Report Repeats Failed Fixes – The Denver Daily News

In 1983 the National Commission on Excellence in Education released the Nation at Risk Report. The primary claim of the report was that our schools were failing.

The commission called for sweeping reform throughout our nation’s public schools.

In 1983 the National Commission on Excellence in Education released the Nation at Risk Report. The primary claim of the report was that our schools were failing.

The commission called for sweeping reform throughout our nation’s public schools.

Following the recommendations of the report, Democrat and Republican leaders assembled committees to replace curriculum guidelines with state standards, adopted annual standardized tests to measure students’ responses, and began evaluating school quality based on those answers.

New report

As we kick off 2007, another report was released calling again for wide-scale reform of our nation’s schools. “Tough Choices or Tough Times,” by the National Center on Education and the Economy, makes the same claim, 24 years later: “Our schools are failing to prepare our children for a global marketplace.”

Following in the steps of the “Nation At Risk Report,” the “New Commission” ironically recommends the same solutions — adopting national standards, higher-stakes testing, and yet another accountability system (five is apparently not enough). Same song, same tune, despite obvious failures from these earlier reforms.

Decade of decline

Decades of standardization, high-stakes testing, and costly accountability systems have given us ample time to study the outcomes of such reforms. The results are clear: Lower graduation rates, further drops in international rankings, fewer minorities enrolling in college, more of our tax dollars spent on sustaining a weighty bureaucracy, a smaller percentage of our dollars spent on our children, and a return to segregation. How many times must we trip over the same curb?

Give teachers a raise

The report suggests raising teachers’ salaries — a good idea, considering Colorado teachers are at the bottom of the pay scale in national rankings. We pay people more to transport our goods than to teach our children.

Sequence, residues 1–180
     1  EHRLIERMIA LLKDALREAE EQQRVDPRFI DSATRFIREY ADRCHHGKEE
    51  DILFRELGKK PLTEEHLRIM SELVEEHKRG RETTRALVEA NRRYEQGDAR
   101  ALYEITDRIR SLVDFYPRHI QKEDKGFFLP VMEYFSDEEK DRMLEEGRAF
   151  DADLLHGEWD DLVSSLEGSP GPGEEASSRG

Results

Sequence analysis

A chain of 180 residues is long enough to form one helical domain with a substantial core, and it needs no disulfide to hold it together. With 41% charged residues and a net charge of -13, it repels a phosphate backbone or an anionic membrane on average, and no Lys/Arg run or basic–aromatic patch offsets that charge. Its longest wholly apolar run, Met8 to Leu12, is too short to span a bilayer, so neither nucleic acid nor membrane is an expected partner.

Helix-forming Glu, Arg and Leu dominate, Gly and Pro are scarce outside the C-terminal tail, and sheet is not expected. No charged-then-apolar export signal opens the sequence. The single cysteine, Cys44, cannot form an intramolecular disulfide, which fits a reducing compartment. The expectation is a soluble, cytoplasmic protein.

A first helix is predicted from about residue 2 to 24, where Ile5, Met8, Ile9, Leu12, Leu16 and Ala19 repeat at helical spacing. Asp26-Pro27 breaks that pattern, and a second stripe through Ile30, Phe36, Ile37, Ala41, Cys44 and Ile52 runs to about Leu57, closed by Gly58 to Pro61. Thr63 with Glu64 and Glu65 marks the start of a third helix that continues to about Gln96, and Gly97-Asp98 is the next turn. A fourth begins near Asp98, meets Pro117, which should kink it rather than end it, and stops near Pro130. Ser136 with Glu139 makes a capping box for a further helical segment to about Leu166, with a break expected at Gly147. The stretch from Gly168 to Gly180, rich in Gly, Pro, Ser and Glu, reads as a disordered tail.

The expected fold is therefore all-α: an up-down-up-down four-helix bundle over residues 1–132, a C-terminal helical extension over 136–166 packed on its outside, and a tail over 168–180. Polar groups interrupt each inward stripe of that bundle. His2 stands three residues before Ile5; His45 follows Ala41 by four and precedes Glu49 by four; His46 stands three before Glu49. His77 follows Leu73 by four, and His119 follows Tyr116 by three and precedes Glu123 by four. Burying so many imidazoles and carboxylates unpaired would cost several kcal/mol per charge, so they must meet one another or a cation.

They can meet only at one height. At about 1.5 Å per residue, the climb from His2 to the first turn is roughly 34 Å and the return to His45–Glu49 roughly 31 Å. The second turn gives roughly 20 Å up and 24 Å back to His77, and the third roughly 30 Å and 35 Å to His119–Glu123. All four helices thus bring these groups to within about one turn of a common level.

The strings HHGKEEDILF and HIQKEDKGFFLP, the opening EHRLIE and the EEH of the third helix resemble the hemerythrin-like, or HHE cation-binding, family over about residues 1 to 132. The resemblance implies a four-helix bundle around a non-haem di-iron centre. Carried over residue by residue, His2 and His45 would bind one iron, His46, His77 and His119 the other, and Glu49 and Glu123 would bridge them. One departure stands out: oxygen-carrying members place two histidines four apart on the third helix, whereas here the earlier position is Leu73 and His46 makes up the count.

In the Kit Carson rural school district, a 30-year teacher is capped out at $40,000 a year. Unfortunately, “Tough Choices” authors suggest reducing teachers’ pensions in order to fund incre
ased salaries — essentially robbing Peter to pay Peter.

Eliminate school boards?

It may also be no surprise to some that the commission calls for the elimination of local school boards — many argue the most effective means for ensuring that our schools reflect our communities’ values. The alternative proposition is that “schools be operated by independent contractors, many of them limited-liability corporations.” Billions of dollars are invested in educating our future — yep, there’s gold in them there hills.

Exit exams

Another contentious recommendation is the “exit exam” given to children at the end of 10th grade. The outcome of that single test would lead to either a college track or vocational track — a dangerous proposition further limiting opportunities. While the financial benefit of expediting our educational system is apparent, will our children once again have to pay the price? Isn’t childhood already short enough?

Feeding, screening …

“Tough Choices or Tough Times” does offer some ideas that are less controversial: Pre-school, nutritious meals, diagnostic screenings for hearing and glasses, mentoring, family services and college assistance.

These aren’t new concepts, however. Over the years we’ve slashed funding to Head Start, the free lunch programs, school counseling, and student grants and loans.

Right priorities

Our problem in education isn’t just about the right ideas — it’s about the right priorities.

Let’s continue the conversations to improve our schools, but let’s get clear about the problem once and for all. The number of children falling into poverty is steadily increasing in this country.

America’s achievement gap is an illustration of the inequities perpetuated in our educational system. When it comes to school funding, our most underserved children continue to receive fewer resources and fewer opportunities than their privileged counterparts. Education yields the biggest returns and yet only six other states have made education less of a priority.

The “Tough Choices Report” calls for a new statewide funding model that ensures school funding is equitable. Here’s where they get it right, although it’s still not a new idea. Perhaps if we had fulfilled the full promise of the 1965 Elementary and Secondary Education Act instead of implementing a system of uniformity (standards) and a single measure of quality (standardized tests), we’d actually have an educational system where no child was left behind, rather than merely having a nifty title for it.

Angela Engel is a mother, teacher, writer and policy advisor. She provides parents and teachers with the tools to ensure a meaningful, challenging, and personalized education for all children. To attend a presentation or reach her, go to or

She is an advisor to, the state’s largest online progressive organization.

Originally published in The Denver Daily News on February 6, 2007.